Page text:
A big cat researcher, award-winning authors, and a former Benidorm star join this year’s shortlisting panel for the 2022 Royal Society Young People’s Book Prize.
Judges for the prize, an annual celebration of the best science book for under-14s, will include Bafta-nominated writer, Benidorm star, and children’s author, Nathan Bryon, as well as Izzi Howell – who won the prize in 2020 with her book Cats React to Science Facts.
They will be joined by Dorothy Hodgkin Research Fellow, and children's author Dr Tiffany Taylor, primary school science teacher Dr Katharine Pemberton, and this year’s judging chair, Professor Alan Wilson, a Fellow of the Royal Society who has travelled the globe to study the movement of animals, from racehorses to cheetahs.
The adult judges will whittle down the longlist of 60 books to a shortlist of just six which will be sent out to thousands of young people, drawn from more than 700 schools and youth groups across the UK, to cast their vote for the winner.
Professor Alan Wilson, head of the Structure and Motion Lab at the Royal Veterinary Collage, University of London, said: “Some people believe that science is all about facts – but it is not.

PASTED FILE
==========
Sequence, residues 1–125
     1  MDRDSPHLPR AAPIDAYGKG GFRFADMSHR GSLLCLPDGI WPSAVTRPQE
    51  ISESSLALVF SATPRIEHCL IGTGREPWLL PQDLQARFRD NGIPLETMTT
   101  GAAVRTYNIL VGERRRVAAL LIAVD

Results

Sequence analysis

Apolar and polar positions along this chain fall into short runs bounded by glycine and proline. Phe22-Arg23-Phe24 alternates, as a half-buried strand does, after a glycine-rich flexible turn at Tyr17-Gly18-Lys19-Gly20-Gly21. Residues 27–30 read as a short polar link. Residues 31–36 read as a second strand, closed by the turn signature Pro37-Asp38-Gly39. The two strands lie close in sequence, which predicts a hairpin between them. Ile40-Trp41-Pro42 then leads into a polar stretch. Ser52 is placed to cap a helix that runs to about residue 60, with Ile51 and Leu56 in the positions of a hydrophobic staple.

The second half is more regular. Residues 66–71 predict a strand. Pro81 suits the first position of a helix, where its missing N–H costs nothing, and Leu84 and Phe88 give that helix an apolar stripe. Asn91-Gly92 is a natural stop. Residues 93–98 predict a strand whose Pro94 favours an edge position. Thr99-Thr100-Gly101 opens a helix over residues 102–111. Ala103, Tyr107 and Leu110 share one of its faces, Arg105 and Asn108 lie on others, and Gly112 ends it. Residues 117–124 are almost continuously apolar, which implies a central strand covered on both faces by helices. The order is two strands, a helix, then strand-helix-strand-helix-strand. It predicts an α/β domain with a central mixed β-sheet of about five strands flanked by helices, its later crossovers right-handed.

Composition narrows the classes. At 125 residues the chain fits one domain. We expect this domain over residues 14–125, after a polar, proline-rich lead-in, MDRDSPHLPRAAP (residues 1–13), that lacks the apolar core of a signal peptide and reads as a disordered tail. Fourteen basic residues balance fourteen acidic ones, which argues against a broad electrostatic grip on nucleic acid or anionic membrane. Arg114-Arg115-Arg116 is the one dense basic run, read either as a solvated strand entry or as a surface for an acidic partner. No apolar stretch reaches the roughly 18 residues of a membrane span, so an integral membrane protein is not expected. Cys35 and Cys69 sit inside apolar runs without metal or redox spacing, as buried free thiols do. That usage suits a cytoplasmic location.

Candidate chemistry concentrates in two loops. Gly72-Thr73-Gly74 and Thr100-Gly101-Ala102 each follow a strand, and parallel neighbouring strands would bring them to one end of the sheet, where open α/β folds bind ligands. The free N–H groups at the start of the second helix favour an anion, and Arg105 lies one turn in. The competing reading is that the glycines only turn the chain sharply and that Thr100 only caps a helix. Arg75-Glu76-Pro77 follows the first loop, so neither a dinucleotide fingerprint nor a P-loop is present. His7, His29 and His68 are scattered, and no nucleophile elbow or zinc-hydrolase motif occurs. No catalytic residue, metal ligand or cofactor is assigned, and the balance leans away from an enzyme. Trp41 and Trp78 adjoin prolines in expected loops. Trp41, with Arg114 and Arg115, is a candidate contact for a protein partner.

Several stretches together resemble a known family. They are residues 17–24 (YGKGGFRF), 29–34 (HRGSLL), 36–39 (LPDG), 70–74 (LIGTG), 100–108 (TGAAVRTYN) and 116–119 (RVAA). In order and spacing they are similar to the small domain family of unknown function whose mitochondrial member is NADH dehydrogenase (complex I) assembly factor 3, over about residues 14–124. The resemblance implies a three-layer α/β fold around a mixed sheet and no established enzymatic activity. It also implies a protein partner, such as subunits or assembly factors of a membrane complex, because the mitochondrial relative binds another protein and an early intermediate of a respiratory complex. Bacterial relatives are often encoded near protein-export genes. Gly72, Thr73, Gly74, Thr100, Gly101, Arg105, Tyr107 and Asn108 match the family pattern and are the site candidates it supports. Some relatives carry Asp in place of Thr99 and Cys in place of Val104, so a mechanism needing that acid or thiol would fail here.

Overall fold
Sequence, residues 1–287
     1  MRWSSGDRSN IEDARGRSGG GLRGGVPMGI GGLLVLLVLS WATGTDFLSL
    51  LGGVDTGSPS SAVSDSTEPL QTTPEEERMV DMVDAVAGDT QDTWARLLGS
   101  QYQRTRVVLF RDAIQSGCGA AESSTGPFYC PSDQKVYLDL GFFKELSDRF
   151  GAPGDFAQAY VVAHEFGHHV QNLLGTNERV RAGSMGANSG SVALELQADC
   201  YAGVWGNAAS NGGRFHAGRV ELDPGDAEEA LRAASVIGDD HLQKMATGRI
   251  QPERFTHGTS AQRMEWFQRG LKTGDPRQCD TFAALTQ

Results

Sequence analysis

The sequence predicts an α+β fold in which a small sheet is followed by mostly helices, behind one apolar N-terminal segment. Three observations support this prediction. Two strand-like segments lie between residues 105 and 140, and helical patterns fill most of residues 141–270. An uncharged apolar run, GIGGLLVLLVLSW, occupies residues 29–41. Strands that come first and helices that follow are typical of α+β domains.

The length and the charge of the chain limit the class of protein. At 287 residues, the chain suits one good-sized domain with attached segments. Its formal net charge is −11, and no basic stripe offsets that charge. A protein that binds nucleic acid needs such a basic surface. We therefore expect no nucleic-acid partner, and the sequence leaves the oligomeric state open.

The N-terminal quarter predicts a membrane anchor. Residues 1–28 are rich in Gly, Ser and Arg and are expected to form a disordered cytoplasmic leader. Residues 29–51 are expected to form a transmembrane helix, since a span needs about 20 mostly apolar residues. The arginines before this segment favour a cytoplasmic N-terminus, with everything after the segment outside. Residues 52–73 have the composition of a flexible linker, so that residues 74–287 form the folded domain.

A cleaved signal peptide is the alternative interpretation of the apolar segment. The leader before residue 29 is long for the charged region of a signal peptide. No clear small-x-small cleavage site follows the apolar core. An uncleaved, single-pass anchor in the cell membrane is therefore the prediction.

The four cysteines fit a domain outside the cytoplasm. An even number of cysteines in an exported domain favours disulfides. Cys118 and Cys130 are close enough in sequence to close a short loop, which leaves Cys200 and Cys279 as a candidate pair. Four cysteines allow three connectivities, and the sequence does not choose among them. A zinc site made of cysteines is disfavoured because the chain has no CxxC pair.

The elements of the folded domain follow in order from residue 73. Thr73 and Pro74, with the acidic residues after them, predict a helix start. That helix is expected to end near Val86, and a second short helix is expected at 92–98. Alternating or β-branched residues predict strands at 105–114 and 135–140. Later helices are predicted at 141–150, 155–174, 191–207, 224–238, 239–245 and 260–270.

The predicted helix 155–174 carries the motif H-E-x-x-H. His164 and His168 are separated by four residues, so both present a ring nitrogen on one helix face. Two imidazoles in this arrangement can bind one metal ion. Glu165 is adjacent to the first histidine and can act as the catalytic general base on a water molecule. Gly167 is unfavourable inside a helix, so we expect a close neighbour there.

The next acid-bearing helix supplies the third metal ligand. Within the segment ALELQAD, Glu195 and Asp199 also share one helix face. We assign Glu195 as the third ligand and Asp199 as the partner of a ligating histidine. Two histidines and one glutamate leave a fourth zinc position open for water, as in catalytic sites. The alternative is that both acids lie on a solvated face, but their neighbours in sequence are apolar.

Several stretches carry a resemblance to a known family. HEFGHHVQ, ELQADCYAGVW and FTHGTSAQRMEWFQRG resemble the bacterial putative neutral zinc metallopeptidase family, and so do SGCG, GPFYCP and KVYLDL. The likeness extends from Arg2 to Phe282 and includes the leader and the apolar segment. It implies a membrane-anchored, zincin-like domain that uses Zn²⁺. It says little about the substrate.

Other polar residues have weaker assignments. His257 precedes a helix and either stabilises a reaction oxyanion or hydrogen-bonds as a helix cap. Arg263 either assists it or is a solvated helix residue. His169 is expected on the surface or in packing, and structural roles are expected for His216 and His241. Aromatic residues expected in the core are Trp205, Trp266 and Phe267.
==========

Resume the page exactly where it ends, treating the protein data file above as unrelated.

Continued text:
“Science is about exploration, innovation and debate. Exciting science books can stimulate curiosity and discussion in young people honing these key life skills.”
Nathan Bryon, whose book LOOK UP! won the Waterstones Children’s Book Prize in 2022, said: “Because I am dyslexic, I struggled to read in school – and can still find it difficult to engage with books now.
“Science books that are funny and accessible but still convey important facts and messages would have really helped me.”
Dr Tiffany Taylor, an evolutionary biologist at the University of Bath and author of Little Letters – an introduction to genetics, said: “Science stems from curiosity - something that all children innately possess.
“Great science needs imagination to expand beyond what we already know, creativity to innovate new ways of experimentation and great storytelling to communicate your science to as many people as possible.”
The Young People's Book Prize aims to inspire young people to read about science and promotes the writing of excellent, accessible science, technology, engineering and maths (STEM) books for under-14s.
Last year’s winner, I am a book: I am a portal to the universe by Miriam Quick and Stefanie Posavec was an artistic exploration of the science all around us.